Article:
By allowing ads to appear on this site, you support the local businesses who, in turn, support great journalism.
Review: Actors bring Menagerie to life
STARS draws audience in to Tennessee Williams classic
Glass Menagerie Web
The cast, clockwise from left, Carol Thompson, Andrew Akins, Zulema Ibarra and Dalton Titshaw. - photo by Special to the Herald

    Seasoned director Mical Whitaker’s version of “The Glass Menagerie” opens tonight, and viewers will be mesmerized by the cast’s mastery of the Tennessee Williams play.
    The curtain rises at 7:30 p.m. at the Averitt Center for the Arts.  Shows also are set for 7:30 p.m. Saturday and at 2 p.m. Sunday. The production is presented by the Averitt STARS Community Theater.
    Andrew Akins stars as Tom Wingfield, the narrator as well as a main character, who tells the sad tale of his family during the Depression era.
    His mother Amanda Wingfield, portrayed by Carol Thompson, is a single mother whose husband fell victim to wanderlust and left the family 16 years before.
    Sister Laura Wingfield, portrayed by Zulema Ibarra, is a fragile, timid creature made insecure by a disfigured leg, and the family suffers from poverty, frustration and bitterness.
    Dalton E. Titshaw is delightful as “gentleman caller” Jim O’Connor, who manages to draw out Laura’s shyness, then plunge her into an abyss of hurt within one short visit.
    Tom works in a shoe warehouse to support his family, and chafes underneath the responsibility. His mother’s suffocating control issue makes things much worse, and they live in constant turmoil. Tom waxes violently sarcastic and escapes by going out at night, ostensibly “to the movies.”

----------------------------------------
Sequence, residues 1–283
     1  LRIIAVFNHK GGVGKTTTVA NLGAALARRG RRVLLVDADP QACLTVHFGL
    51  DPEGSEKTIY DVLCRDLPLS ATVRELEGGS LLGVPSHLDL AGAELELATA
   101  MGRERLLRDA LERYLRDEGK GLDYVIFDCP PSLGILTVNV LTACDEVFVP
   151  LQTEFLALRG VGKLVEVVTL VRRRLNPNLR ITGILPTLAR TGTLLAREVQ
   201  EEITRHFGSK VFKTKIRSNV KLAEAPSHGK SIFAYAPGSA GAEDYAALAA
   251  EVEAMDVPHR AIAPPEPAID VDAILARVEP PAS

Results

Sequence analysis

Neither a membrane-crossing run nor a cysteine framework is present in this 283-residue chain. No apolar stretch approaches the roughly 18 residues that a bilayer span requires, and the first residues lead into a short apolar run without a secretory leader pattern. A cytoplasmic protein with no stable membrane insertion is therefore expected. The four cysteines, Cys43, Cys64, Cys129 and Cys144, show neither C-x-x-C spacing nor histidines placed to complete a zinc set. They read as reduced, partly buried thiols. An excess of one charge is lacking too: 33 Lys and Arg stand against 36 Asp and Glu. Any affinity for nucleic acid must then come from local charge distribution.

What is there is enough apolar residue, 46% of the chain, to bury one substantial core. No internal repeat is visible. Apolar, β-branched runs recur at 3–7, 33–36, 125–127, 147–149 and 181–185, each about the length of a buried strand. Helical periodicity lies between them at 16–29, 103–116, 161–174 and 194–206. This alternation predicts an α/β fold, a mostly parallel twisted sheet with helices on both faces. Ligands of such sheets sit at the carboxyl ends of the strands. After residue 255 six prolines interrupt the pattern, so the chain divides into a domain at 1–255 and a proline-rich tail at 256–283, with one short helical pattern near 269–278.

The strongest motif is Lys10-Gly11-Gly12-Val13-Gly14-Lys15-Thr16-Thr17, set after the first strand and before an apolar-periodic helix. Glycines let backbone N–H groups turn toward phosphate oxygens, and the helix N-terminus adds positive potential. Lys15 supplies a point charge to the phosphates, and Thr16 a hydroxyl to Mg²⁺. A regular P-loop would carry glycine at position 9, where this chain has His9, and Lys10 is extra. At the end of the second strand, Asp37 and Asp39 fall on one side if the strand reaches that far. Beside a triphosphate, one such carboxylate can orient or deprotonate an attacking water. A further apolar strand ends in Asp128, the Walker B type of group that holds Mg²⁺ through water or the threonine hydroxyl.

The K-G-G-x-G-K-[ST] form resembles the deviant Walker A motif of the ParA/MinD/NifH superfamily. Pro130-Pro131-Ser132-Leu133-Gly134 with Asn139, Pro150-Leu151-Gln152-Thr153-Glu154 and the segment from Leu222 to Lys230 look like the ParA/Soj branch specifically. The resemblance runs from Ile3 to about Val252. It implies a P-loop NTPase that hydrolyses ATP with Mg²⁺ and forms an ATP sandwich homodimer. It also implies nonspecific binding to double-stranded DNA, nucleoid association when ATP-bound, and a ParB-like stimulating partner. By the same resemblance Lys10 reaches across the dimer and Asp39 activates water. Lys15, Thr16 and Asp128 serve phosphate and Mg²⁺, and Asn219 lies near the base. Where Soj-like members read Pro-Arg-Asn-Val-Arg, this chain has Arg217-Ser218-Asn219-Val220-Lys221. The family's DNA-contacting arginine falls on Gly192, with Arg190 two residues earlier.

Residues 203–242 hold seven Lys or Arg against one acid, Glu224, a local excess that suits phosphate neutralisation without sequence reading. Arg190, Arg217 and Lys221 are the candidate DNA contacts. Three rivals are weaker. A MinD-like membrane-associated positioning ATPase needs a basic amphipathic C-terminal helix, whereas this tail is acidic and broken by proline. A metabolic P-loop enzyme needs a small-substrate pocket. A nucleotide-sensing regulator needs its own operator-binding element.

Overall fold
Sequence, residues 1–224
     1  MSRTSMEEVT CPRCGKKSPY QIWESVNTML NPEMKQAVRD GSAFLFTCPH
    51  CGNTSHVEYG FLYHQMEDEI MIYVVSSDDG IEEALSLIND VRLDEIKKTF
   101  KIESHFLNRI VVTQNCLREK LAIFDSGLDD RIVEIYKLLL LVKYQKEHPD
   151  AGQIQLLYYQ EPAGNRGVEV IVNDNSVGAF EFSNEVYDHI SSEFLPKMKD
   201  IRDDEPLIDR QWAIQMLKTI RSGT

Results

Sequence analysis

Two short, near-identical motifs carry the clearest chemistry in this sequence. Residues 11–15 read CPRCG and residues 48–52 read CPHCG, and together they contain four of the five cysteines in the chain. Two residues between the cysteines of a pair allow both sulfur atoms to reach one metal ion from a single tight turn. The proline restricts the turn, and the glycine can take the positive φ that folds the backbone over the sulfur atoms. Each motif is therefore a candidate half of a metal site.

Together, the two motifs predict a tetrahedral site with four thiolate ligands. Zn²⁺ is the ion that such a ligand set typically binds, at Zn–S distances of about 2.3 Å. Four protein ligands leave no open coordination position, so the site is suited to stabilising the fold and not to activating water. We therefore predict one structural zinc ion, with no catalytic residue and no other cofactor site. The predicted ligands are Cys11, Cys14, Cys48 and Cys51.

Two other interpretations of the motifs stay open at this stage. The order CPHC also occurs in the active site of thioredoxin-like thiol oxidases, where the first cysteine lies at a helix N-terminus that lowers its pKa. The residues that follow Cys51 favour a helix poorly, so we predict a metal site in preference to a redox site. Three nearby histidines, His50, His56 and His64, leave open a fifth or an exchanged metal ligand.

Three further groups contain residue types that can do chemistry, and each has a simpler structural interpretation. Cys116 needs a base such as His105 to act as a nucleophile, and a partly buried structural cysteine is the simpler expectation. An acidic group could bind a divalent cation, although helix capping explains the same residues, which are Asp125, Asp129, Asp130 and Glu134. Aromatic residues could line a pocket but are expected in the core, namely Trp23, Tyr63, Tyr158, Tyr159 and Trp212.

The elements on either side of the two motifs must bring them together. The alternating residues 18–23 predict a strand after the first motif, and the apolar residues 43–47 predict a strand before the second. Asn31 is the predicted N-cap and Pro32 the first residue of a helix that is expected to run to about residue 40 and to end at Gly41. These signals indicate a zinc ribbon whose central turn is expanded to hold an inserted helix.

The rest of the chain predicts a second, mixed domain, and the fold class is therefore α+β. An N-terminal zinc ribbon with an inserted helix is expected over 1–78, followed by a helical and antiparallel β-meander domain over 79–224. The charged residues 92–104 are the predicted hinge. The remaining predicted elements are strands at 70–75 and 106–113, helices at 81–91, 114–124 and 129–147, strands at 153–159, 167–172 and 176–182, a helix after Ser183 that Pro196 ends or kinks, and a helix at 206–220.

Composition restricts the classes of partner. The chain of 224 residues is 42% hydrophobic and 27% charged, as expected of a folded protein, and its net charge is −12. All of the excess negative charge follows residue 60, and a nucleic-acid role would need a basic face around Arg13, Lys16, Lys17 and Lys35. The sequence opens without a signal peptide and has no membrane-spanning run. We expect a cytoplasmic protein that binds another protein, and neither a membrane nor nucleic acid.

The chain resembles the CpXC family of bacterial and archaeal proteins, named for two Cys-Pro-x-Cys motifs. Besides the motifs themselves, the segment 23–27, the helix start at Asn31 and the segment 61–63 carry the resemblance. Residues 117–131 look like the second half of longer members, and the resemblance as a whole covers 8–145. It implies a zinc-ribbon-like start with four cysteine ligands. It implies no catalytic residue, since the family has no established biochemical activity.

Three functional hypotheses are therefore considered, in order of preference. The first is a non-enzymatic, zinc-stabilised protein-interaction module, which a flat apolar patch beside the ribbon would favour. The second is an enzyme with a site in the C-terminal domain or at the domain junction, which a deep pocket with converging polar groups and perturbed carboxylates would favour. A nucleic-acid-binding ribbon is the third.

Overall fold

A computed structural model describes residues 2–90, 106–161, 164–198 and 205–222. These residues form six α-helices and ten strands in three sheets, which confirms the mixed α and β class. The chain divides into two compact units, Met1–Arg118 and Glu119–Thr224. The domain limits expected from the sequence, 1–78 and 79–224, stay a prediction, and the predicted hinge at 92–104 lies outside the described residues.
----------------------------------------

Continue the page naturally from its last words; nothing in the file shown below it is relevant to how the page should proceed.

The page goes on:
Amanda’s intense desire for her children to have luxuries and a better life makes her fussy and often bitter. Her goal of finding Laura a “gentleman caller” is entwined with living through her daughter’s life, or rather, what she hoped her life would be.
    Laura is lost in her own world, spending her days playing the Victrola and admiring her glass figurines, which come to life in her mind. Timid and retiring, she surrenders to her mother’s will while Tom resists.
    Thompson captures the Southern Belle persona of Amanda Wingfield as if she had lived during the Old South era. Her magnolia-and-mint julep accent drips with charm as she flutters and postures, trite phrases spilling from her lips.
     But in a flash, she can show the other side of Amanda; bitter from being left by her husband and living in poverty; frightened by an insecure future, she lashes out at both her children with a fury, and is almost immediately contrite.
    Akins shows comparable versatility as his character Tom goes from strained patience, sarcasm, anger and helplessness while trying to reconcile his own desires for life with caring for his family.  His versatility is evident as the play moves along; a battle with his mother, a poetic exchange with the audience as he ponders life, and a drunken scene when he returns one night from “the movies.”
    Ibarra is the picture of innocence, timidity and insecurity as she portrays Laura. Throughout the play, Laura’s emotions are evident on Ibarra’s face as the other characters interact. Viewers are drawn into her character as they watch her move between placating her mother, urging her brother to behave, and dealing with bits of life that terrify her, but would be commonplace to most.
    Whitaker’s directing brings each character together to produce a play that operates like a well-oiled machine. Viewers will find themselves emotionally involved with the lives of those they see on stage, and will likely forget they are watching actors bringing a classic to life.
    Holli Deal Bragg maybe reached at (912) 489-9414.

Sign up for the Herald's free e-newsletter